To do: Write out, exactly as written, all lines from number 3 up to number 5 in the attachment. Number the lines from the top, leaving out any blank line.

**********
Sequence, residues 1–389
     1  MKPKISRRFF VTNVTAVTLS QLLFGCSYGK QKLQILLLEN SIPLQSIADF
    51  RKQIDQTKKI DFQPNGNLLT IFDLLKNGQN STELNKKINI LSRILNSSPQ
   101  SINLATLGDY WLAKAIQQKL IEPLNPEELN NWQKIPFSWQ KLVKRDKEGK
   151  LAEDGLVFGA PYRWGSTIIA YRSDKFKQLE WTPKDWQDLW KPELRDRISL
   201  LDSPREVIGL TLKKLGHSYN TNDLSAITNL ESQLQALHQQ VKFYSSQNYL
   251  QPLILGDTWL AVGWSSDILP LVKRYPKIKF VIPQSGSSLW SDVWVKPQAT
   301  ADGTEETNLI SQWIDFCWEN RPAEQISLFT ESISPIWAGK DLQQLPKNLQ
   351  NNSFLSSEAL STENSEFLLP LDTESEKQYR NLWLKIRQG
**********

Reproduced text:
    51  RKQIDQTKKI DFQPNGNLLT IFDLLKNGQN STELNKKINI LSRILNSSPQ
   101  SINLATLGDY WLAKAIQQKL IEPLNPEELN NWQKIPFSWQ KLVKRDKEGK
   151  LAEDGLVFGA PYRWGSTIIA YRSDKFKQLE WTPKDWQDLW KPELRDRISL